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Some clarity…

May 22, 2011

I have strong opinions on a lot of things – and I won’t apologize for that. However, I do feel like I should explain some things; I’ve also had my opinion change on occasion, and it feels like time to update that. I’ll start with, in my opinion, the most controversial thing I’ve possibly ever said to anyone.

It is my firm belief that those who are medical professionals need to be as free from biases as possible. Doctors who believe firmly that c-sections should be the standard way of giving birth because it’s convenient to them, for example, are putting their patients in harm’s way. On the other side of the coin, a midwife who insists that a woman’s body will deliver a child regardless of anything else (placenta previa, inability to dilate, etc), is equally dangerous. Vaginal delivery is generally the best option, of course, but there are always circumstances that make that impossible or impractical for some women. I strongly believe that c-sections should only be used when necessary to literally save the lives of mother and baby (or babies). Women should also be the ones to decide whether or not they want to attempt a VBAC or do a repeat c-section – not the insurance companies! Our bodies are strong, but we all need to respect our own abilities and limitations. There is no room for a personal vendetta against a procedure in the delivery room – regardless of how it happens, a baby is being born there and mom needs all the support she can get.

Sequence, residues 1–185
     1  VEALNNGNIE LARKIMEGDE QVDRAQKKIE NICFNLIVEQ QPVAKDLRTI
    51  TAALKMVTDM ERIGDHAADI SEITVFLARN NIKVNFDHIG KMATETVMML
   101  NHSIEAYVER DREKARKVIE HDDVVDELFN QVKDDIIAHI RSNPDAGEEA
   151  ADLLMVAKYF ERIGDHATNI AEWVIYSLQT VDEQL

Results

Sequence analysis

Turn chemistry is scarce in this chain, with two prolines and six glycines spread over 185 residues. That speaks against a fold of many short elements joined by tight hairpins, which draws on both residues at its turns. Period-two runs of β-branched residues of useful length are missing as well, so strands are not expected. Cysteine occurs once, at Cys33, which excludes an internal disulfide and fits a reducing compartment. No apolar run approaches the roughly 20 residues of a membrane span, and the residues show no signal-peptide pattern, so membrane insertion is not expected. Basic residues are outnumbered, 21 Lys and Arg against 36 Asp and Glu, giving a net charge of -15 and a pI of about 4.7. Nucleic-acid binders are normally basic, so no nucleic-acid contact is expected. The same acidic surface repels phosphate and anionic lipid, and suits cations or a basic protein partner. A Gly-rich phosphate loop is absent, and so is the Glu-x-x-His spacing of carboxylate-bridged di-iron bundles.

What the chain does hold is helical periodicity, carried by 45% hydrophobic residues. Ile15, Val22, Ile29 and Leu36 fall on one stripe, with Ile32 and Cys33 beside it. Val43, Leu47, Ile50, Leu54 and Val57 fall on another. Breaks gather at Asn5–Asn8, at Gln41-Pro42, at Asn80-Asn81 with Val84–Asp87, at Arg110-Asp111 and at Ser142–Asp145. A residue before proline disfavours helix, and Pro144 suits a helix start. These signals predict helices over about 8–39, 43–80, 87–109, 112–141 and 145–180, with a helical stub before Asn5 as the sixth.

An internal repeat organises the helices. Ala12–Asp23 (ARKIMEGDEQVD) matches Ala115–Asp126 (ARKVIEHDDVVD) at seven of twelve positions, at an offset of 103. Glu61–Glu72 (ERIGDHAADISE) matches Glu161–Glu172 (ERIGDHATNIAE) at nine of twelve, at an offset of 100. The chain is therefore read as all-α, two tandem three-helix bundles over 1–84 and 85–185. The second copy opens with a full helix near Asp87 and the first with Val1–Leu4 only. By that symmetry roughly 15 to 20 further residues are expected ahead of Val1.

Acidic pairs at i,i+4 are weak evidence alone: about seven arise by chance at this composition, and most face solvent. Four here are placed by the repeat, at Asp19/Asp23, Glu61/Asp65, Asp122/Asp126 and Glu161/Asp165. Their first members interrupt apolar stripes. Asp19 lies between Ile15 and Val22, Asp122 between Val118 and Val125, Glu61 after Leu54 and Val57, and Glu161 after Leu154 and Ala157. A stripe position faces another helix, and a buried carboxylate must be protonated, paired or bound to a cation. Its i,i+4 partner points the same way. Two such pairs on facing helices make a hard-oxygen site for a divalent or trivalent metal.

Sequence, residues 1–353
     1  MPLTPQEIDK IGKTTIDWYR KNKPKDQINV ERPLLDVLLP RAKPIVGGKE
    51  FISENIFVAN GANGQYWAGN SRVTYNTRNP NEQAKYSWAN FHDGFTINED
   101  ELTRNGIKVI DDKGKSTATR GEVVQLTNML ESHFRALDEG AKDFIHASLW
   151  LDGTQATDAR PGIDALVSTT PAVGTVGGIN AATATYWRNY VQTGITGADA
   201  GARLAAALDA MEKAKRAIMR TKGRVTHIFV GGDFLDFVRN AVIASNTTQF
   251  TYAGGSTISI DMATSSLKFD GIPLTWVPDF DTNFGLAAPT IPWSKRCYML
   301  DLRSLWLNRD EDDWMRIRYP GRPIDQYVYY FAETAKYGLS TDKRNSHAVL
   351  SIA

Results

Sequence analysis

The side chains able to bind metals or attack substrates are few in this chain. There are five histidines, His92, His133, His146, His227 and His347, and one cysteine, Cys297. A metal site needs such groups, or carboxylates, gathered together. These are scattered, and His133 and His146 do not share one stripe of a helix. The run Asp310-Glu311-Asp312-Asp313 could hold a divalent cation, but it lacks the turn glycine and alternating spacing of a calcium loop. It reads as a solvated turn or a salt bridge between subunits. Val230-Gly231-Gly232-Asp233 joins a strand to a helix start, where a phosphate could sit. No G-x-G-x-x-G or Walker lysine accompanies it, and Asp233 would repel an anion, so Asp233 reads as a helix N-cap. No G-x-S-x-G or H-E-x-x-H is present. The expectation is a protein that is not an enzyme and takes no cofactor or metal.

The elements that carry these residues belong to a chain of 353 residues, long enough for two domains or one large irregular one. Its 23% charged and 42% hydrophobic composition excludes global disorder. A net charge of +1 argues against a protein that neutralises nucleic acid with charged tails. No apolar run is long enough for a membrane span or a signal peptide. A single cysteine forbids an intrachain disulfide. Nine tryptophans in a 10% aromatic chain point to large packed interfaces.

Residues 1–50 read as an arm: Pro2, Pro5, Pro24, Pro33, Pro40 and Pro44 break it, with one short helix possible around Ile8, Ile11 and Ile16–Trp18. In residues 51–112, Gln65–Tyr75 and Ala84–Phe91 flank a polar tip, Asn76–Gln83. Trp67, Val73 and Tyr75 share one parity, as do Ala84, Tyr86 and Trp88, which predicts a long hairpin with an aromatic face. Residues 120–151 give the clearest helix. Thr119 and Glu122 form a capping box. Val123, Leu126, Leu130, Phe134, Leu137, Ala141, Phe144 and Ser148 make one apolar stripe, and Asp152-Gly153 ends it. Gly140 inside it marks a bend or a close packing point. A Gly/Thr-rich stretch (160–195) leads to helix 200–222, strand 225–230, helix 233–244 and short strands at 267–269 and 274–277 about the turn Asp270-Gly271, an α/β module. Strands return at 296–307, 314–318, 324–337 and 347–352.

Breastfeeding. I’m something of a “lactivist”, without the violent urges to expose myself while nursing in public or to berate moms who bottle feed. I don’t know that that’s always come across. Just like delivering, each mother has a different situation – if breastfeeding works out best, awesome! It’s a major challenge, and given the obstacles I’ve faced, I feel pretty awesome about being able to continue to nurse my toddler. If formula feeding turns out best, that’s awesome too! It’s not easy to have to make a bottle at 4am! There are difficulties to both. It’s all about what works best for mom and baby. Any more, formula has made leaps and bounds towards being nutritionally the same as breastmilk. That’s phenomenal!

I don’t think my mind will ever change regarding vaccines. They’re fully necessary and DON’T cause autism. More and more, they’re proving that it is genetics that cause – in particular, it often comes from the father. Short-term discomfort is outweighed by the long term benefits.

I feel like I had more to say…but I can’t think of it now.

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